Help with Calculating GPA

<p>Hey guys,</p>

<p>I'm a senior student from British Columbia, and none of the counselors/admins at my school have been able to give me a clear answer as to how I'm supposed to calculate GPA, so I'd really appreciate it if someone could clarify this.</p>

<p>First off, I need to know what courses are supposed to be included in calculation. Would it include all the final grades on my transcript, or is there some distinction between academic and non-academic courses? Also, would my grade 12 marks be included in any way, or will the universities just look at them separately?</p>

<p>I'm also confused with the 4.0 system. My school gives marks out of 100%, but according to the BC Ministry of Education website, (Policy</a> Site: Student Credentials - B.C. Ministry of Education - Province of B.C.), letter grades are converted into a 4.0 scale, with 4 being A, 3 being a B, and so on. I'm unfamiliar with this system but my principal has given me the go to submit it like this. Since there is no mention of any sort of weighting, I'd assume my GPA would be 4.0 as I never get any B's. However, I don't understand how exactly this weighting, unweighting stuff works and it would be really helpful if someone could explain it to me.</p>

<p>Thanks!</p>

<p>Here's a start at how you can convert ... some colleges have specific formulas, but this can be a guideline. Not all A's count that same.</p>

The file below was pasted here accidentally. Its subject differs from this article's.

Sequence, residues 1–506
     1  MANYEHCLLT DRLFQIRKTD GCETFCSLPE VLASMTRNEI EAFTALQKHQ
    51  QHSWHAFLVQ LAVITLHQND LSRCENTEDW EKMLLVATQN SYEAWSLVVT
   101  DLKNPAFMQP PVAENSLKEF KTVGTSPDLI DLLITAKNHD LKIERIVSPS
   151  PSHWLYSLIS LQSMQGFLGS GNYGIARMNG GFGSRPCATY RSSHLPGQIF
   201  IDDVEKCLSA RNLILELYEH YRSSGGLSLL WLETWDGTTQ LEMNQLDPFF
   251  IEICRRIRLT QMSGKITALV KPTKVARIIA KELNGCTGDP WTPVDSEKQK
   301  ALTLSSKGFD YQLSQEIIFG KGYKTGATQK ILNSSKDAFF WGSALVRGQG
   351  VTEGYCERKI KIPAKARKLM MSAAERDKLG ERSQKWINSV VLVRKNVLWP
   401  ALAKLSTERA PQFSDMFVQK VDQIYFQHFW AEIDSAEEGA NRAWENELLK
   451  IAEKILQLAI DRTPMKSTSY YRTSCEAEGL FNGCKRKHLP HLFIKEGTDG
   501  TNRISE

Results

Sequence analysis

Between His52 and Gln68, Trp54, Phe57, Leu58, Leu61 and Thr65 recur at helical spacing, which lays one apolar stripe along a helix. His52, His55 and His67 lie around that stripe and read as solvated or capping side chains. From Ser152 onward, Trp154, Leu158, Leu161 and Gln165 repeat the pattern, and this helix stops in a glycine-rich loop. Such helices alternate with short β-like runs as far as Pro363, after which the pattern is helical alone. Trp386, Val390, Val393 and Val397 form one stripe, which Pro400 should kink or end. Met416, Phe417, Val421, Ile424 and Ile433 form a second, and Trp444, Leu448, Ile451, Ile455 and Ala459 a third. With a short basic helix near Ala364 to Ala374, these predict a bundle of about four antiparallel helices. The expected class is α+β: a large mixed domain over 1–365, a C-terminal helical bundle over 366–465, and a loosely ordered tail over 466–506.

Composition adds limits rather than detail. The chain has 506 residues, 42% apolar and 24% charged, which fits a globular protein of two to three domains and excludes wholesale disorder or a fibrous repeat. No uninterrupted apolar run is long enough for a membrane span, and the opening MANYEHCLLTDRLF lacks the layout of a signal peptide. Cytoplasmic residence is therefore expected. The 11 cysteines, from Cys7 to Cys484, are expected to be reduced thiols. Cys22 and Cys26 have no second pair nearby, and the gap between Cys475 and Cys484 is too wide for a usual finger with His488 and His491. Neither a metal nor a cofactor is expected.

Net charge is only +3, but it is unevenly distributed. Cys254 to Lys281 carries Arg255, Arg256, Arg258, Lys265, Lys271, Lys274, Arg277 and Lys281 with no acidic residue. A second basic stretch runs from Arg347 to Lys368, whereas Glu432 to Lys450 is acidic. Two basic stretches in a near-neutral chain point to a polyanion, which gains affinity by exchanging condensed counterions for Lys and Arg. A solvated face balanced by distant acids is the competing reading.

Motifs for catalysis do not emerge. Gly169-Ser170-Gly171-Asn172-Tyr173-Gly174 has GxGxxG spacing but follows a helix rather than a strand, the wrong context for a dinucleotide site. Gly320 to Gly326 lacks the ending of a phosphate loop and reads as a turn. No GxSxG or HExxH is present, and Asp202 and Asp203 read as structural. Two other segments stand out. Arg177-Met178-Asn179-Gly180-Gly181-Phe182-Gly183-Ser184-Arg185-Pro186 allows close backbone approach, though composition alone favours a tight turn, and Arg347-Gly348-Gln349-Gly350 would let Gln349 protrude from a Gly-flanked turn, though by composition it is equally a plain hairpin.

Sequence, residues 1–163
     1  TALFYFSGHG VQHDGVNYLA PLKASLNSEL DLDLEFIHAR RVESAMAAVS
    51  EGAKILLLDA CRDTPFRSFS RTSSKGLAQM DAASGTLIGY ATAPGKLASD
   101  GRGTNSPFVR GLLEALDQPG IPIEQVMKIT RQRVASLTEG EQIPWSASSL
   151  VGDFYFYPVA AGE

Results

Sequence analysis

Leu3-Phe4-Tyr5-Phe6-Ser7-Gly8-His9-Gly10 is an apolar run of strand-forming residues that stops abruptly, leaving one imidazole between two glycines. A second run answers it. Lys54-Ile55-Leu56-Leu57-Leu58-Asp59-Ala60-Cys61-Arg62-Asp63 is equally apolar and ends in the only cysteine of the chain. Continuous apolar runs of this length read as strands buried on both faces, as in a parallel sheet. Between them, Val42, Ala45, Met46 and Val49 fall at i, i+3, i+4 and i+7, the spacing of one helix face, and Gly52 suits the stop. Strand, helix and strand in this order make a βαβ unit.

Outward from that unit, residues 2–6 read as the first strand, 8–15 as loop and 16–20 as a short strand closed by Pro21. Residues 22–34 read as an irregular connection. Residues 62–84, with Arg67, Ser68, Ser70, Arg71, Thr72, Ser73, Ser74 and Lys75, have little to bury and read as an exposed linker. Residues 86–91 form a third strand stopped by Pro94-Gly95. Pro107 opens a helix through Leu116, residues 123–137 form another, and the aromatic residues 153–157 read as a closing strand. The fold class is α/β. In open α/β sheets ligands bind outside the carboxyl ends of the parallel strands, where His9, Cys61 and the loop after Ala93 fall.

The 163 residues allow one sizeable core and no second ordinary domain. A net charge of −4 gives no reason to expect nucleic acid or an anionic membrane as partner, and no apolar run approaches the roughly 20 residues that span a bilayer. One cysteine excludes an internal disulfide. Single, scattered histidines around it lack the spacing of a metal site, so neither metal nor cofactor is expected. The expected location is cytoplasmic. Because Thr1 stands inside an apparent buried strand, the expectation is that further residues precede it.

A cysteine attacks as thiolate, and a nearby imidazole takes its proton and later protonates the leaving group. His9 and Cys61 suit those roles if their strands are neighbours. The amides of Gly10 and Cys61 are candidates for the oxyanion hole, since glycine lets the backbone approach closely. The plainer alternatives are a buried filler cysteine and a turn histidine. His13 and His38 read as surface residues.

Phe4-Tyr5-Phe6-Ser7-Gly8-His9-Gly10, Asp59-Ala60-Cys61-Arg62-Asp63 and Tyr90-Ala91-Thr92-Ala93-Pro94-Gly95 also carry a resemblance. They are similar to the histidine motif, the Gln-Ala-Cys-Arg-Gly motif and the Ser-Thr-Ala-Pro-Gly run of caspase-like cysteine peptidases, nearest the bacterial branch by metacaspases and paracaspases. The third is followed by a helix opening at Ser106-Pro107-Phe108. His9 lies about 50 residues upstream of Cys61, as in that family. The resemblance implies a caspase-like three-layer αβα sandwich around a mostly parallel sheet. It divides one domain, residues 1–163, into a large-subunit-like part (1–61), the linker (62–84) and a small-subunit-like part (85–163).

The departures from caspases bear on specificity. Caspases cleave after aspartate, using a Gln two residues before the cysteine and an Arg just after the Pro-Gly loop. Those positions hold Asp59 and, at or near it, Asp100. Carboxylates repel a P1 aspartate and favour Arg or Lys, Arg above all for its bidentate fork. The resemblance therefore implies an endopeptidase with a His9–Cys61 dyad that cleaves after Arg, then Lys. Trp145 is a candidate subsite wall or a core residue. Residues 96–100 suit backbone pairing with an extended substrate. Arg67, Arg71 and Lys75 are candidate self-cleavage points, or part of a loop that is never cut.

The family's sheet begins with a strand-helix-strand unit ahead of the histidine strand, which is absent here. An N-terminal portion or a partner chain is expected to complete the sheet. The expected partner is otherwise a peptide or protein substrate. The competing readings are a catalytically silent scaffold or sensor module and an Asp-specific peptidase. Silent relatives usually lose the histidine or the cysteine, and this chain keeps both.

<p>A+ = 4.33 = 97 - 100% (many colleges covert A+'s to A's anyway)
A = 4.00 = 93 - 100% (some schools have A+, which is 4.33, which would be 97+)
A- = 3.67 = 90 - 92.9% (or 93 to 97 for those schools that have A+)
B+ = 3.33 = 87 - 89.9
B = 3.00 = 83 - 86
B - = 2.67 = 80 - 82.9
C+ = 2.33 = 77 - 79.9
C = 2.00 = 73 - 76.9
C- = 1.67 = 70 - 72.9
D+ = 1.33 = 67 - 69.9
D = 1.00 = 63 - 67.9 (or 60 - 67.9 for schools that don't use D-)
D- = 0.67 = 60 - 62.9 (although most schools don't use D-)
F = 0 !!! = anything below 60 (ouch)</p>

<p>Good luck. Your high school should send an official transcript anyway. Anything you write into an application for your grades will be a placeholder for the college until they get the official transcript, but it's good for you to know how you stand in terms of a Grade Point Average that is used by most or nearly all U.S. colleges.</p>

<p>All courses are included, however, highly selective colleges will look at your grades for those classes that are considered core academic: math, science, English, foreign language, history/social science. They may also give extra consideration to those classes that are AP or honors.</p>

<p>So the number I put in doesn't really mean much? In that case, would it look bad if I just left it blank and let the colleges look at my transcript themselves? Because the numbers you showed me are quite different from the percentages we use to determine letter grades, and we don't even have pluses/minuses for A's and B's.</p>

<p>The number means a lot, and it means a lot more coming from your counselor/school official officially. The key is that your school has a way of giving grades, and you will be compared to other students at your same school based on the same grading system. If you don't know the equivalent grade point average, even by estimating, then leave it blank and your school officials forms should help the college understand your academic abilities. This is why the standardized testing is helpful; it attempts to measure all candidates to the same standard (SAT, TOEFL, etc.). The application process is not perfect, so just do what you can to provide the colleges what they need to understand if you will succeed at their college.</p>